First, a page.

Why elevated troponin-I may be a poor independent predictor of outcome in ALF patients

Although the data reported in this UK study are of great interest among the liver failure literature [9], additional commentaries could be proposed (interpretation by the authors should be cautionary). The contradictory results between the present study from the UK [9] and Parekh and colleagues' study from the US [10] may indeed be explained by several different reasons. First, the definitions of ALF and the criteria for outcome are not detailed in the UK study and may be different between the studies. The dosage used and the definition of troponin-I elevation are also different between these two studies. Finally, the methodology and statistical analysis performed are different between the studies [9]. Moreover, poor outcome was considered in cases of liver transplantation and/or death. Mixing these two categories of patients might have been responsible for the discrepancies of the results between the two studies [9, 10].

Future research and patient management

Further research is required to fully evaluate the impact of troponin-I elevation on ICU admission but also the kinetic value during the ICU stay or after discharge [4]. The impact of troponin-I on the long-term prognosis after ICU discharge should be investigated. Further cardiac biomarkers should also be evaluated in the future in the ALF population, which may provide for better management.

Abbreviations

ALF: 

acute liver failure.

Declarations

Authors’ Affiliations

(1)
Department of Anesthesiology and Critical Care B, Saint Eloi Teaching Hospital, University Montpellier 1
(2)
Department of Anesthesiology and Critical Care, APHP Beaujon Hospital

References

  1. Kress JP, Rubin A, Pohlman AS, Hall JB: Outcomes of critically ill patients denied consideration for liver transplantation. Am J Respir Crit Care Med 2000,162(2 Pt 1):418-423.View ArticlePubMedGoogle Scholar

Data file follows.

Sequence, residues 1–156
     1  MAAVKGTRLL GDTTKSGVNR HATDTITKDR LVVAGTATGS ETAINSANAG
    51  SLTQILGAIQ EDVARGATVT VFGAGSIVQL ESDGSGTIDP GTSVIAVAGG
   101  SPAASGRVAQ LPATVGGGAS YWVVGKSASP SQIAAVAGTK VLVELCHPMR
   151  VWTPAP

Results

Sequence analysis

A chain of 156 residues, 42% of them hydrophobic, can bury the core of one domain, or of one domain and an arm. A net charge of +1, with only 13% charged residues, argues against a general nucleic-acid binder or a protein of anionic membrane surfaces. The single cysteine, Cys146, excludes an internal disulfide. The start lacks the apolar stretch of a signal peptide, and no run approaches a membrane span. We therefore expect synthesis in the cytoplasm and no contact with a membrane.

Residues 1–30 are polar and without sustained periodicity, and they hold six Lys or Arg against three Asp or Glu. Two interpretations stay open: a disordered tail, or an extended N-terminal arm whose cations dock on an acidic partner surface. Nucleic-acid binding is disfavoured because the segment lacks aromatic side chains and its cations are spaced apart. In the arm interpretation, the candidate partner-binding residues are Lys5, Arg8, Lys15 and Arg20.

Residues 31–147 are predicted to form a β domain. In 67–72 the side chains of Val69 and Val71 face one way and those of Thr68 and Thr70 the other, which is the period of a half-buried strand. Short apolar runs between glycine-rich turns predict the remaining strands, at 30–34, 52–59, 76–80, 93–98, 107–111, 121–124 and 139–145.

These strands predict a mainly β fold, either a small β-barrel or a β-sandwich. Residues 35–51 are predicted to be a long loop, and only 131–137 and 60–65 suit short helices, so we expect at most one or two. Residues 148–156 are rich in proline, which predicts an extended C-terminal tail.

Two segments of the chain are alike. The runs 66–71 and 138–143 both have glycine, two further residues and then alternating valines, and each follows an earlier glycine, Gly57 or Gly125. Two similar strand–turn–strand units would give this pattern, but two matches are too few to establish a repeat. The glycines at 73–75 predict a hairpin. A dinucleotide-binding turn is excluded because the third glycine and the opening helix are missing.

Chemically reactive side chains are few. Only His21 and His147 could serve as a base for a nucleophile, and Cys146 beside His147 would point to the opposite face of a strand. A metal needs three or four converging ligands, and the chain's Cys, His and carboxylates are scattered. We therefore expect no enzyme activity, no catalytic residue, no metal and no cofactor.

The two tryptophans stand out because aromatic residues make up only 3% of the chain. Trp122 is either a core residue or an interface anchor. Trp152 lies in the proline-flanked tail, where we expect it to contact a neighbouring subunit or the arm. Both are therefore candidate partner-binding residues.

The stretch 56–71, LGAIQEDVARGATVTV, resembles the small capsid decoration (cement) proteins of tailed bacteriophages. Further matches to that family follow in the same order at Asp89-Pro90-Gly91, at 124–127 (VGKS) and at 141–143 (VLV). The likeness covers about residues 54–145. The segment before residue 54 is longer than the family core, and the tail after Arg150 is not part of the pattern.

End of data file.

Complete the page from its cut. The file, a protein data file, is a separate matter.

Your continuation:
2. Schiodt FV, Chung RT, Schilsky ML, Hay JE, Christensen E, Lee WM: Outcome of acute liver failure in the elderly. Liver Transpl 2009, 15: 1481-1487. 10.1002/lt.21865PubMed CentralView ArticlePubMedGoogle Scholar
  3. Ammann P, Fehr T, Minder EI, Gunter C, Bertel O: Elevation of troponin I in sepsis and septic shock. Intensive Care Med 2001, 27: 965-969. 10.1007/s001340100920View ArticlePubMedGoogle Scholar
  4. Ausset S, Auroy Y, Verret C, Benhamou D, Vest P, Cirodde A, Lenoir B: Quality of postoperative care after major orthopedic surgery is correlated with both long-term cardiovascular outcome and troponin Ic elevation. Anesthesiology 2010, 113: 529-540.PubMedGoogle Scholar
  5. Levy M, Heels-Ansdell D, Hiralal R, Bhandari M, Guyatt G, Yusuf S, Cook D, Villar JC, McQueen M, McFalls E, Filipovic M, Schünemann H, Sear J, Foex P, Lim W, Landesberg G, Godet G, Poldermans D, Bursi F, Kertai MD, Bhatnagar N, Devereaux PJ: Prognostic value of troponin and creatine kinase muscle and brain isoenzyme measurement after noncardiac surgery: a systematic review and meta-analysis. Anesthesiology 2011, 114: 796-806. 10.1097/ALN.0b013e31820ad503View ArticlePubMedGoogle Scholar
  6. Muehlschlegel JD: If a troponin falls in a forest but no one measures it, does it really matter? Anesthesiology 2011, 114: 732-733. 10.1097/ALN.0b013e31820ad520View ArticlePubMedGoogle Scholar
  7. Siniscalchi A, Gamberini L, Mordenti A, Bernardi E, Cimatti M, Riganello I, Toccaceli L, Vecchiatini T, Diamanti M, Faenza S: Postoperative troponin T elevation as a predictor of early acute kidney injury after orthotopic liver transplantation: a preliminary retrospective study. Transplant Proc 2012, 44: 1999-2001. 10.1016/j.transproceed.2012.06.039View ArticlePubMedGoogle Scholar
  8. Ammann P, Maggiorini M, Bertel O, Haenseler E, Joller-Jemelka HI, Oechslin E, Minder EI, Rickli H, Fehr T: Troponin as a risk factor for mortality in critically ill patients without acute coronary syndromes. J Am Coll Cardiol 2003, 41: 2004-2009. 10.1016/S0735-1097(03)00421-2View ArticlePubMedGoogle Scholar
  9. Audimooolam VK, McPhail MJ, Sherwood R, Willars C, Bernal W, Wendon JA, Auzinger G: Elevated troponin I and its prognostic significance in acute liver failure. Crit Care 2012, 16: R228. 10.1186/cc11883PubMed CentralView ArticlePubMedGoogle Scholar
  10. Parekh NK, Hynan LS, De Lemos J, Lee WM: Elevated troponin I levels in acute liver failure: is myocardial injury an integral part of acute liver failure? Hepatology 2007, 45: 1489-1495. 10.1002/hep.21640View ArticlePubMedGoogle Scholar
  11. Baillard C, Boussarsar M, Fosse JP, Girou E, Le Toumelin P, Cracco C, Jaber S, Cohen Y, Brochard L: Cardiac troponin I in patients with severe exacerbation of chronic obstructive pulmonary disease. Intensive Care Med 2003, 29: 584-589.PubMedGoogle Scholar

Copyright

© BioMed Central Ltd 2013